Sport and Reconciliation
Indigenous people are reclaiming the meanings of cultural activities like sports.
Tom Longboat was a celebrated long-distance runner from Six Nations of the Grand River in Ontario. In the early twentieth century, when foot races were extremely popular, Longboat set numerous world records, won major races in North America and Europe, and competed for Canada at the 1908 Olympic Games. The Onondaga athlete, who served as a distance runner during the First World War, has been recognized in Ontario with a day in his honour and across Canada with awards given in his name since 1951.
Yet, as Janice Forsyth notes in Reclaiming Tom Longboat: Indigenous Self-deter
mination in Canadian Sport, media portrayals of Longboat varied between admiration and disdain, with many reports based upon racialized stereotypes. Forsyth — herself the winner of a Tom Longboat Award — draws on research showing that Longboat was derided by some because “he made his own decisions about training, racing, and the conduct of his life” and thereby countered expectations of an Indigenous athlete.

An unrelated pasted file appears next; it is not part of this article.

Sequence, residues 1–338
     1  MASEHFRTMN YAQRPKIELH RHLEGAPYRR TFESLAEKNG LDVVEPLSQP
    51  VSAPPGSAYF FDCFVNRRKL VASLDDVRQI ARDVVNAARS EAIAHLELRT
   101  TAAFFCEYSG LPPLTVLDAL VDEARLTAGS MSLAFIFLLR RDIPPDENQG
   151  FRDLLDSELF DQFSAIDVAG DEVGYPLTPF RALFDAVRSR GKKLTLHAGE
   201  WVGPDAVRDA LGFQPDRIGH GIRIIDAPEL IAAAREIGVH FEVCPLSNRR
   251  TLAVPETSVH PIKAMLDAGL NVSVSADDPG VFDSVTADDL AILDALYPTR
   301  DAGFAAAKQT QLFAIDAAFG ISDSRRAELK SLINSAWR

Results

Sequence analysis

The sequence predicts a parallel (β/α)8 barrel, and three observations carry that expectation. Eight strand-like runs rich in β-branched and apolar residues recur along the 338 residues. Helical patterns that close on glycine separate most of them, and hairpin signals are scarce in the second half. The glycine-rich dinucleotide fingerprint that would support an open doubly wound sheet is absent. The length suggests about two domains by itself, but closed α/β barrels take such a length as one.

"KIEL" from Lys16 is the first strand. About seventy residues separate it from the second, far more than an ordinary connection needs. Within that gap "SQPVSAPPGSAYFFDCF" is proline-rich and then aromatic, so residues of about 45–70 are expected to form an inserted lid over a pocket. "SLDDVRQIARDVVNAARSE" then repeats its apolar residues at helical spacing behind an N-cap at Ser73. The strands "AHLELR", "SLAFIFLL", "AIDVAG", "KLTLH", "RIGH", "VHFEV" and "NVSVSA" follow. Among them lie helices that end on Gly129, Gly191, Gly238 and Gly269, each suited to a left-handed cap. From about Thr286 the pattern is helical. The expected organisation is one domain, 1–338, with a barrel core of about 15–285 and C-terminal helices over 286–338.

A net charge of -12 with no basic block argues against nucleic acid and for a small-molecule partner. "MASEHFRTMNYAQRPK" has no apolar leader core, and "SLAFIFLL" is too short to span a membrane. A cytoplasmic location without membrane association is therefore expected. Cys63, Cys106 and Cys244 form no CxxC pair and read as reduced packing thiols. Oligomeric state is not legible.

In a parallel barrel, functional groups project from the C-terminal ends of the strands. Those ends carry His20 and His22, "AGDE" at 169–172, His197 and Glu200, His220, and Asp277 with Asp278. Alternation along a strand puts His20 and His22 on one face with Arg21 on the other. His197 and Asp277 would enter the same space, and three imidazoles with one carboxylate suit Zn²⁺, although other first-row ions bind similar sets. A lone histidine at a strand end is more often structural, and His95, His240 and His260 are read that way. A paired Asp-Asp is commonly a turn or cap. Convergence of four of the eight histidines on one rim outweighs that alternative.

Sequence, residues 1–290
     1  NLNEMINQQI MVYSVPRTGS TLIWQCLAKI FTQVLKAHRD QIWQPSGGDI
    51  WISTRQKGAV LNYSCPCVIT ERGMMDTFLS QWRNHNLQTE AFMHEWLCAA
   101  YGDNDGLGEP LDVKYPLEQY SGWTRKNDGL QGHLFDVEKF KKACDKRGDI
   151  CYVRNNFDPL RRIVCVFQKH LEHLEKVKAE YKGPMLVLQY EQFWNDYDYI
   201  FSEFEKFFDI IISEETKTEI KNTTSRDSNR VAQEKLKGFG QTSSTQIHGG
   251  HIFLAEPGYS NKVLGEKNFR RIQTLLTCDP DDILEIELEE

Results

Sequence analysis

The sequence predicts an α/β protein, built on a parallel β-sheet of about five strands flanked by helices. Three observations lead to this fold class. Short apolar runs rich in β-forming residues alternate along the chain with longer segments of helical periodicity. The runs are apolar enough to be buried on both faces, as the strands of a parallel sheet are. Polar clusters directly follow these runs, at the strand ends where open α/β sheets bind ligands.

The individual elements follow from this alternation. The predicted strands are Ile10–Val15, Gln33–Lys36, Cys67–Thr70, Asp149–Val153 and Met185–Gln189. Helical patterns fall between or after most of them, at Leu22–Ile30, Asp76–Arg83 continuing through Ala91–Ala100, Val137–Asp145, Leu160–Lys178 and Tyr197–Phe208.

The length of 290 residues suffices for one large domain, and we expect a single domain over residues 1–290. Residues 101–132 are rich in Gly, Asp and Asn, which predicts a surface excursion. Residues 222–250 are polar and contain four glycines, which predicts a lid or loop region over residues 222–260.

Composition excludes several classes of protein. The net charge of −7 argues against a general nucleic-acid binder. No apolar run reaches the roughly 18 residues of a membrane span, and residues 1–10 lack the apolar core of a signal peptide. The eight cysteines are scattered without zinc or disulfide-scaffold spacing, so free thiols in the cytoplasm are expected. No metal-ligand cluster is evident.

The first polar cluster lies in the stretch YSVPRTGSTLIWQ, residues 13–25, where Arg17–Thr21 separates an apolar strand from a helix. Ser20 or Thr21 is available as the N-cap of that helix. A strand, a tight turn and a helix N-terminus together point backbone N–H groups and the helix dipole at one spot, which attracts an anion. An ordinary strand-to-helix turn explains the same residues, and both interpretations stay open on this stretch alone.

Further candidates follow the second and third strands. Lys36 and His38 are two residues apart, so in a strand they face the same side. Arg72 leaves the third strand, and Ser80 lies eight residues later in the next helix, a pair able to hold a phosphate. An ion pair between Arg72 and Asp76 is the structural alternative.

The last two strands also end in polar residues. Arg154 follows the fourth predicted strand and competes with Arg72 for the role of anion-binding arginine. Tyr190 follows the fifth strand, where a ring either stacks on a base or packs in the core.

Forsyth’s book is not so much about rehabilitating Longboat’s own reputation as it is about charting the history of the awards given in his name and the effects they have had for their recipients and other Indigenous people. She writes that many recipients “incorporated, resisted, challenged, or subverted the official meanings produced by government and sports officials, thereby making the awards their own.” In her efforts to help to reclaim the meanings of sport for Indigenous peoples as part of the ongoing work of reconciliation, Forsyth looks back to the use of sports and games at residential schools.